1 User Centered Design

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Definition and Scope

Wikipedia defines User-Centered Design as follows:

    User-centered design (UCD) is a design philosophy and a process in which the needs, wants, and limitations of the end user of an interface or document are given extensive attention at each stage of the design process.

This definition limits the scope to design of an "interface or document". A few paragraphs later the Wikipedia article likewise limits the scope to "software designers", and indicates that this definition follows the ISO standard 13407 on "Human-centered design processes for interactive systems", published in 1999. (See the following links: Description of ISO 13407, Diagram of ISO 13407).

One has to read further down the Wikipedia page to discover that the scope of user-centered design is in fact much wider:

    While user-centered design is often viewed as being focused on the development of computer and paper interfaces, the field has a much wider application. The design philosophy has been applied to a diverse range of user interactions, from car dashboards to service processes such as the end-to-end experience of visiting a restaurant, including interactions such as being seated, choosing a meal, ordering food, paying the bill etc.

In short, it seems that the user-centered design philosophy can be applied to the design of just about anything.

User-centered design according to Donald Norman

The term "user-centered design" was invented by Donald A. Norman in his 1986 book "The Design of Everyday Things" (originally called "The Psychology of Everyday Things"). In this book, Norman used the term "user-centered design" to describe design based on the needs of the user, leaving aside what he considered to be secondary issues like aesthetics. Norman later recognised that aesthetics could also be considered part of the needs of the user, and he corrected his initial overly-reductive approach in a later publication "Emotional Design". Another author, Patrick Jordan, explicitly suggested in "Designing Pleasurable Products" that different forms of pleasure should be included in the user-centered approach.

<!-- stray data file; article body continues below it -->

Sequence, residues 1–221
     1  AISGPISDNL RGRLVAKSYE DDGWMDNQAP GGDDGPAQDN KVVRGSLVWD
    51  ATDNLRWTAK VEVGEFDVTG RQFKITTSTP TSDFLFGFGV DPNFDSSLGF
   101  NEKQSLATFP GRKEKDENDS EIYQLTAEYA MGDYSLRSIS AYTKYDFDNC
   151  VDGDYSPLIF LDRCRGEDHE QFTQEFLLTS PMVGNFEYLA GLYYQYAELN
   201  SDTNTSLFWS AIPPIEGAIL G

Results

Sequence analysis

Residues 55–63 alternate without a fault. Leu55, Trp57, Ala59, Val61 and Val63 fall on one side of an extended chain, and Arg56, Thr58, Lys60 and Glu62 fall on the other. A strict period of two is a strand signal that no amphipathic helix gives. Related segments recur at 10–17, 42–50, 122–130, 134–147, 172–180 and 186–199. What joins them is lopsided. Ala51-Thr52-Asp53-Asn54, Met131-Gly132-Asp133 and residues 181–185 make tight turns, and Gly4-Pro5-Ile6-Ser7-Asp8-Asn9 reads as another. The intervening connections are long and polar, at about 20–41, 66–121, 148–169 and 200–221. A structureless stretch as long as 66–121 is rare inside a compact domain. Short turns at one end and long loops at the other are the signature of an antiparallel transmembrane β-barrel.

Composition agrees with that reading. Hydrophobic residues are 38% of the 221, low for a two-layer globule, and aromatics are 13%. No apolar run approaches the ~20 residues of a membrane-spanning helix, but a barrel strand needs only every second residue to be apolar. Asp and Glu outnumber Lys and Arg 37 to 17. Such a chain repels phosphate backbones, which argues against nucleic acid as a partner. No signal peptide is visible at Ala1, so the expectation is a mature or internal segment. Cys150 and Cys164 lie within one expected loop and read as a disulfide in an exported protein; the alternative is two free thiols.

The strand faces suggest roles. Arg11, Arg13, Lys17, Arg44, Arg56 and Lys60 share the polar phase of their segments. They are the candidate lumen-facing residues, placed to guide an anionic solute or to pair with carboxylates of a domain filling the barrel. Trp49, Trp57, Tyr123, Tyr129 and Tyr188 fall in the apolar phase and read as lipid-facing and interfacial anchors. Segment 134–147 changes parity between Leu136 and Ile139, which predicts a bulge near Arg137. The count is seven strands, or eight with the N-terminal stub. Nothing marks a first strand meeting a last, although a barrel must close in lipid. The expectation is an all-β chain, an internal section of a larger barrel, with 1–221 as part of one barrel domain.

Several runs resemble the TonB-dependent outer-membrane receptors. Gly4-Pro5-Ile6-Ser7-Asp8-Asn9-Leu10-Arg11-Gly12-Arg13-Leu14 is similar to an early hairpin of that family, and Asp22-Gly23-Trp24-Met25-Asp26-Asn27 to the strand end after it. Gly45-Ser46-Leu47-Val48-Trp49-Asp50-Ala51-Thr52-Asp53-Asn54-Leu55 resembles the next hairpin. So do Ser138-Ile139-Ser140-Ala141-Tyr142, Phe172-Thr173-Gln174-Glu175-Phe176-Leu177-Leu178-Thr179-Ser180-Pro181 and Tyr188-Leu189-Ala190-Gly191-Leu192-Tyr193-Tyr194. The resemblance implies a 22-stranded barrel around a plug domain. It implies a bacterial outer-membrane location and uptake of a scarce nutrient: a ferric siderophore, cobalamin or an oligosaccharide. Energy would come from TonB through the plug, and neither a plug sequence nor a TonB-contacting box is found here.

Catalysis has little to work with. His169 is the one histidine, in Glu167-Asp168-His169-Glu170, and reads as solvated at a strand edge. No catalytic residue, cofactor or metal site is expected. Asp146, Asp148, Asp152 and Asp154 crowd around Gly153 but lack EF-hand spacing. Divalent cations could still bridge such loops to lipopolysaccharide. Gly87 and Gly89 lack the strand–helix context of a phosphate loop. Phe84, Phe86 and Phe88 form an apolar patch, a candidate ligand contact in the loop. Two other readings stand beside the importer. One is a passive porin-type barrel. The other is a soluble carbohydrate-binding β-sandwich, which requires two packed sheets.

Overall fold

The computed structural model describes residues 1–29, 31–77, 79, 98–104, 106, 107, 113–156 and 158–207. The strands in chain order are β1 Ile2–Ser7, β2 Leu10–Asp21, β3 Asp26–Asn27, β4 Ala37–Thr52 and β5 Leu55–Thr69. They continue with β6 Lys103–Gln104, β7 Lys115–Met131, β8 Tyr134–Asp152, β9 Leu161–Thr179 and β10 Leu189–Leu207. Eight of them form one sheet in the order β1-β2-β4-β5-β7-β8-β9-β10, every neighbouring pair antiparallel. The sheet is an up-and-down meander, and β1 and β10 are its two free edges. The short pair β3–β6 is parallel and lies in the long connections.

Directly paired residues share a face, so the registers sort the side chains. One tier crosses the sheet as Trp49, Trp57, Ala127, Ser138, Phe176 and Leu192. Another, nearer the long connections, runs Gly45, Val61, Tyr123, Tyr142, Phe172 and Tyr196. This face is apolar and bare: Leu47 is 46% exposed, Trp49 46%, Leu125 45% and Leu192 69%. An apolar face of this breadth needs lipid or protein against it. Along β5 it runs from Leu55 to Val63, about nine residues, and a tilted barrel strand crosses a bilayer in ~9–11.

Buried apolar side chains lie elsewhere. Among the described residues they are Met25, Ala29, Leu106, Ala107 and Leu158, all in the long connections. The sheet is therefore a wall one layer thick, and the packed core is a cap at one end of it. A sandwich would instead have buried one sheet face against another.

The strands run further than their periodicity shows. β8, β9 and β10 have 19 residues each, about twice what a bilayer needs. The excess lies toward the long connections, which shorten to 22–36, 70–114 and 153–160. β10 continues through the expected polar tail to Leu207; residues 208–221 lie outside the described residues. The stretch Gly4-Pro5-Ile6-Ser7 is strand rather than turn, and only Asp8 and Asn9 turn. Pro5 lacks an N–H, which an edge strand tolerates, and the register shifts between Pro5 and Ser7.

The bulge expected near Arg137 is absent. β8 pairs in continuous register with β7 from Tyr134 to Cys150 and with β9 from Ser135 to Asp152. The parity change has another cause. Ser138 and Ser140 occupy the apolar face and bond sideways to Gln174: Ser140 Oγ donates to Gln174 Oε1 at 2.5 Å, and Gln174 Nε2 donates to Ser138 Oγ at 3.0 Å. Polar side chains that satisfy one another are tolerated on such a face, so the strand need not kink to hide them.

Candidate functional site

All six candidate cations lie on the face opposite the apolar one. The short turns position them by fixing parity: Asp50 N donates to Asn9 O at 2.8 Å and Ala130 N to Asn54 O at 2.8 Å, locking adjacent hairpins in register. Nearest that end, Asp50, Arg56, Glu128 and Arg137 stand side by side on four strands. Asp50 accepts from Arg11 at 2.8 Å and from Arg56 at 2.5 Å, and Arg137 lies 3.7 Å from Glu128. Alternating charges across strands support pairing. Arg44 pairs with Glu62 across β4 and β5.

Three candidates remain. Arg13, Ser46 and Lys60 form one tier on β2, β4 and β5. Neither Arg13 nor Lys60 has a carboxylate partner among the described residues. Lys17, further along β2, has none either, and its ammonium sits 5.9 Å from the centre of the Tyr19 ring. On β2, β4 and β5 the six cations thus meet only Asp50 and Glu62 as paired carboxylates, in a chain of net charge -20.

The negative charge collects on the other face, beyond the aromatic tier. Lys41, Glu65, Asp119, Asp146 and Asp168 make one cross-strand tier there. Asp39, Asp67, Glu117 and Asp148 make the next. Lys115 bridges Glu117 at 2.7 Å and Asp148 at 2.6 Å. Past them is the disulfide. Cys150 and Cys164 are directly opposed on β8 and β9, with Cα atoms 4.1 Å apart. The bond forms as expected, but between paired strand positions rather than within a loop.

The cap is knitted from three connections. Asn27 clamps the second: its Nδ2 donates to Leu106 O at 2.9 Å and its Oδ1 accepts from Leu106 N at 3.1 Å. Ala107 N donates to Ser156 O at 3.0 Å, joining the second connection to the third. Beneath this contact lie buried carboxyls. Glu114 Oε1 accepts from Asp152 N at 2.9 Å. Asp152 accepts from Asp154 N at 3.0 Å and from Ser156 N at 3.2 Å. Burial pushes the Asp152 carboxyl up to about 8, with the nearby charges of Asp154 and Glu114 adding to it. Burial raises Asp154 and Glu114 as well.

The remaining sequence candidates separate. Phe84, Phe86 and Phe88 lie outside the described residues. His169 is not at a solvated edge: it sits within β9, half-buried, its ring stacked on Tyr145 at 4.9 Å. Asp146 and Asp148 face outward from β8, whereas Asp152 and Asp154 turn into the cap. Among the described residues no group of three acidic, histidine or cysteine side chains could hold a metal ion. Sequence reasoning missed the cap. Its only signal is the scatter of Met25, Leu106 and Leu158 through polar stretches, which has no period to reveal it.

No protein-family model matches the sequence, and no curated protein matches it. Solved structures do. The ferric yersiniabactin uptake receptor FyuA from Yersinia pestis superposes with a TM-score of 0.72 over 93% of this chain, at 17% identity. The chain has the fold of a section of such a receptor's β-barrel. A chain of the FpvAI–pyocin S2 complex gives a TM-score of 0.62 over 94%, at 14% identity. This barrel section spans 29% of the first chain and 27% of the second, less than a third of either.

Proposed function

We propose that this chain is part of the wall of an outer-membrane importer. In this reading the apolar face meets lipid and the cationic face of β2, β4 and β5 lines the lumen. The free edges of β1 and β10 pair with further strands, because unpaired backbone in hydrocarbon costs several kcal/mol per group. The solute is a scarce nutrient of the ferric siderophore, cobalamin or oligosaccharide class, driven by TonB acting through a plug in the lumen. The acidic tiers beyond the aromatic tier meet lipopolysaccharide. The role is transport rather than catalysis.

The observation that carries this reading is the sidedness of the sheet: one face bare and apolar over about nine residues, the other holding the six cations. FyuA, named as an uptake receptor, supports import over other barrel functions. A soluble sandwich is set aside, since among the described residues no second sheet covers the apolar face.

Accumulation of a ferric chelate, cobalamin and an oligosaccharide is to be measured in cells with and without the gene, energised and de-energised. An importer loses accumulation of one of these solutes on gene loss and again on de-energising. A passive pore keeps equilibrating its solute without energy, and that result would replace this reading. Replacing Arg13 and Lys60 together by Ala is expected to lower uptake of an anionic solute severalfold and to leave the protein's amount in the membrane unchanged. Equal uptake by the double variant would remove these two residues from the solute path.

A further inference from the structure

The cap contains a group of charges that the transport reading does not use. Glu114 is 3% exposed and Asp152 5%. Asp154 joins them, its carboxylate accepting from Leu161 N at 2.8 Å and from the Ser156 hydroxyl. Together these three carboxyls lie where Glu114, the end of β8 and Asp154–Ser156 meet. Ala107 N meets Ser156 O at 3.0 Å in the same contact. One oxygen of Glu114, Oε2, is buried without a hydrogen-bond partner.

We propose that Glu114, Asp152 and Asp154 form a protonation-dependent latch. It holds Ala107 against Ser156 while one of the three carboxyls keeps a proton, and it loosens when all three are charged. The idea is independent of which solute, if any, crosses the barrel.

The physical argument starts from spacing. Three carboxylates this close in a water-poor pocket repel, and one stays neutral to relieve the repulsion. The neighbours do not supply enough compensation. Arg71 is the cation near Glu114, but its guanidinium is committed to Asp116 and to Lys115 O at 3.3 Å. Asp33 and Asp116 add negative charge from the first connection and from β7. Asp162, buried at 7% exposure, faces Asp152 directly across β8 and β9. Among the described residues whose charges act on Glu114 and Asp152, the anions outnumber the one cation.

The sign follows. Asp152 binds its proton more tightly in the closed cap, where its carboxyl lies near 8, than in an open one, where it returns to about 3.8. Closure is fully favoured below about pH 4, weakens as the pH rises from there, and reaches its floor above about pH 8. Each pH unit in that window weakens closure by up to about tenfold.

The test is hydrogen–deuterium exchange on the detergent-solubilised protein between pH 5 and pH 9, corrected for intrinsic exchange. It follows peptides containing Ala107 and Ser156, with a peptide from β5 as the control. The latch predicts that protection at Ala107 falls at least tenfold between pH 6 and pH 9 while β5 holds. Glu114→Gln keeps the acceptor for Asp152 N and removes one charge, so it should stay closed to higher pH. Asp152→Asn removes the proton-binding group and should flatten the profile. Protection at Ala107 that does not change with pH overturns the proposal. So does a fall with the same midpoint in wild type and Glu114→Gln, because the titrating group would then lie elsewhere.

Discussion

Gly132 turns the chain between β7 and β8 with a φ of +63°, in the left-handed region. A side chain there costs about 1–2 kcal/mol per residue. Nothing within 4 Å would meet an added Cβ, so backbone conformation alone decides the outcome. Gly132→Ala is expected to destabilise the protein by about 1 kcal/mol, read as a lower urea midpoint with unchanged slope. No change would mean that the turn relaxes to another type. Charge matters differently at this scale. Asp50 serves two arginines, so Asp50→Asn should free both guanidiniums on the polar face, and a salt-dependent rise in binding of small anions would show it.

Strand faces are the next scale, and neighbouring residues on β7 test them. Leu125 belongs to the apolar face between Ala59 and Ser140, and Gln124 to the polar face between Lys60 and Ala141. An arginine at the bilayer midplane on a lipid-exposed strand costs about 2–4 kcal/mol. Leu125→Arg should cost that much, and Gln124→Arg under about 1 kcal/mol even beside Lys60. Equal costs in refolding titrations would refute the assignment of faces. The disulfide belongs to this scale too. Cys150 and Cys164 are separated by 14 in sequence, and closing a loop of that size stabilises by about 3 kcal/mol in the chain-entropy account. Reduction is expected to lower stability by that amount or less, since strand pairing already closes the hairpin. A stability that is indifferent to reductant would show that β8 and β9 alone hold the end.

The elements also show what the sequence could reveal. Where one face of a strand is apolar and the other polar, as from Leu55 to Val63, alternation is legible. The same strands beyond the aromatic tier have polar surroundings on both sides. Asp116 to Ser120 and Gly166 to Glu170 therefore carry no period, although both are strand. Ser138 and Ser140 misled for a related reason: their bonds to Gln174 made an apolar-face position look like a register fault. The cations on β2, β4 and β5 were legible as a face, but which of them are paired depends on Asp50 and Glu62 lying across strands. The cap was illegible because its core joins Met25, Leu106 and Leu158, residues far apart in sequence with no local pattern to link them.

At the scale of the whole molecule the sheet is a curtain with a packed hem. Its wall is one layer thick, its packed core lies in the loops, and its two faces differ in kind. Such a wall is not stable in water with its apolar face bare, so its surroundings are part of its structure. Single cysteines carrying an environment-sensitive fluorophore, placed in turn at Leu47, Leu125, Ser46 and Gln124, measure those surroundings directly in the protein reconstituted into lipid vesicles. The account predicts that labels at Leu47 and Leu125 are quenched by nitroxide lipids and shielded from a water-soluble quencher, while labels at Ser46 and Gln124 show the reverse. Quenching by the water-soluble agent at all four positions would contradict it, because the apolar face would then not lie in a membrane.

Donald Norman’s official website is at this link:

Donald Norman’s website

Basic principles of user-centered design

Human centered design was summed up by Norman in a 2002 interview as follows:

    Human centered design starts by watching people. In other words, start with people, their needs, and their behavior. The technology comes second. In addition, it means iterative design, where early sketches are tested, then refined and further tested, with this design-test-refine cycle continuing to the very end.

In user-centered design the designers try to analyze how users are likely to use an interface. They then test the validity of their assumptions in real world tests with actual users. Thus user-centered design tries to design the user interface based on how people can, want, or need to work, rather than forcing the users to change how they work to accommodate the system or function.

In user-centered design, the user’s overall series of interactions with the product is called "user experience". In product design, this is also referred to as the "out of the box experience," referring to all tasks the user must complete, from first opening of the shipped package, through unpacking, reading the directions, assembly, first use, and continuing use.

More complete description of the key principles of user-centered design is given at the following link:

UCD at usabilitynet

Variations on the UCD Approach

Since user-centered design requires studying the behaviour of the future users of the systems, various approaches have been developed which involve the active participation of real users. These variations include:

  • Cooperative design: involvement of designers and users on an equal footing. This is a Scandinavian tradition in the design of Information Technology products, which has been evolving since 1970.
  • Participatory design
    (PD): a North American term for the same concept, inspired by Cooperative Design, focusing on the participation of users.
  • Contextual design
    : "customer centered design” in the actual context, including some ideas from PD

All these approaches follow the ISO 13407 standard on "Human-centered design processes for interactive systems".